Schools add healthy eating as key to student success

September 20, 2010|By TRISH RUDDER
  • Warm Springs Middle School students eat a lunch consisting of Salisbury steak, mashed potatoes, green beans and slices of watermelon or cantaloupe recently in Berkeley Springs, W.Va.
Trish Rudder, Staff Writer

BERKELEY SPRINGS, W.Va. -- Innovative teaching and learning techniques are important to students' success at Morgan County Schools, but providing healthful cafeteria food is a key factor as well.

Superintendent David Banks and the schools' social worker, Gary McDaniel, have designed a strategic plan for addressing Morgan County students' challenges.

Instruction is the role of the school system, but "we needed a hook" to help each student want to listen to what the teachers have to say, Banks said.

"We want them to want to go to school," he said.

This is Banks' fourth year as superintendent of Morgan County Schools, and he has been brainstorming with administrators, teachers and staff to find ways to help students learn.

"Teamwork is what gets it done," McDaniel said.

"Anything to get them interested," including adding mentoring programs, after-school programs, getting parents involved and even focusing on healthful eating is the mission, Banks said.


McDaniel said when Banks was the school system's nutrition director, he met with county resident Dr. Bill Lands, a former professor and researcher who founded the Morgan County Forum for Arts, Sciences and Technologies (FAST).

FAST has been providing information on healthful eating, and the value of eating more Omega-3-rich foods and less Omega-6-rich foods.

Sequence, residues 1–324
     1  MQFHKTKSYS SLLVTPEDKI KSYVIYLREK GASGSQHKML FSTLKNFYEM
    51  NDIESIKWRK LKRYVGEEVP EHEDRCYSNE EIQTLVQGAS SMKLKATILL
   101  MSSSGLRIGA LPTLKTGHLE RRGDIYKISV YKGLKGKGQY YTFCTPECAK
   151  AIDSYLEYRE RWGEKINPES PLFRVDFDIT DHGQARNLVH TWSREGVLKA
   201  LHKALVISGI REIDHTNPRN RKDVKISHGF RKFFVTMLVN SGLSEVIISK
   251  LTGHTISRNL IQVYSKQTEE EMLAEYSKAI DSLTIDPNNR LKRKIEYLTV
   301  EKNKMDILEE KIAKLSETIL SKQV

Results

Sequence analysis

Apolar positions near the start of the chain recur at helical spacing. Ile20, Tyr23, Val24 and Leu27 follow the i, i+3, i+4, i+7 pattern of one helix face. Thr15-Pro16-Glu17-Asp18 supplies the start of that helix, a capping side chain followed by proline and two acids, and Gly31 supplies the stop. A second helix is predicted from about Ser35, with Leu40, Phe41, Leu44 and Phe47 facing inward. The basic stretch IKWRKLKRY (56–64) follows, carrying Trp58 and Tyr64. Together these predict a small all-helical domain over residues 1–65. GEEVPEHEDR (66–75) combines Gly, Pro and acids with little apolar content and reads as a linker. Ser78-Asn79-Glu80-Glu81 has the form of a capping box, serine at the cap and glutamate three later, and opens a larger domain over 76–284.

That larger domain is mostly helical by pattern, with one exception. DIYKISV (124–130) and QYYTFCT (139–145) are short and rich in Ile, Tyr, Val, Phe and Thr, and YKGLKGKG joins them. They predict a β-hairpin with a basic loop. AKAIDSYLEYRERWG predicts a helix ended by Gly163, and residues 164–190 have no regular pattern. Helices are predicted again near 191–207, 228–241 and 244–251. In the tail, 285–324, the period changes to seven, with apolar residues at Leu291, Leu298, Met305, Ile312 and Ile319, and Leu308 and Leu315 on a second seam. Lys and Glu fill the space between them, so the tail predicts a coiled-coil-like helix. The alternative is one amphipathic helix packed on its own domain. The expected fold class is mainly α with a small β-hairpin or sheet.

"The whole point was to give him the scientific background information to apply it to Morgan County Schools and serve healthier food," Lands said of meeting with Banks.

Lands said that foods high in sugar, salt and fat often are substituted for healthier options, and everyone needs to learn the importance of eating a variety of vegetables and fruits -- about five to nine a day.

"Strive for five but nine is fine," said Lands, citing one of FAST's mottos.

Kristie Randall, director of child nutrition, has been providing healthier menus for food served in the school cafeterias, Banks said.

Federal commodities help keep school meal costs low, Banks said, but Morgan County schools have added locally grown fruits and vegetables to the menu.

Banks said when the change began about three years ago, the students balked and didn't want to eat the lower-fat, less-salty foods. Now, the students have accepted the new menu and are eating the food.

"Participation is good now," Banks said.

Banks said all eight Morgan County schools have changed their menus, and they applied and received grants to supplement the menu with healthier food choices.

The cafeteria cooks are using less soybean oil, Banks said, and Randall is working with Lands to find a source for high-oleic sunflower oil, which is low in Omega-6 fatty acids, Lands said.

Randall is considering having the cafeteria cooks make their own salad dressings, which would have less Omega-6 fatty acids, McDaniel said.

Dr. Joseph Hibbeln, a National Institutes of Health researcher, produced a study that showed that impaired academic performance, behavioral problems, depression and obesity can stem from a high Omega-6 diet, Banks said.

"This is the first time we can say 'here is the proven research.' It's sound science," McDaniel said.

Hibbeln's evidence and research shows behaviors have been improved with a diet low in Omega-6's and high in Omega-3's, Lands said.

"Nutrition is the key building block with which we build our brains and our bodies," he said, adding that a correct nutritional balance in bodies and brains improves healthful behaviors.

Hibbeln has given public lectures in Morgan County and staff-development lectures in Morgan County Schools, Lands said.

Hibbeln met not only with school administrators, but all the schools' service personnel -- bus drivers, secretaries and cooks -- because "they are woven into our community," McDaniel said.

"It's not a diet. It's healthy, smart eating for everyone," McDaniel said.

"As a former professor who taught this, the fact that it is being used in the Morgan County school system is very gratifying," Lands said.

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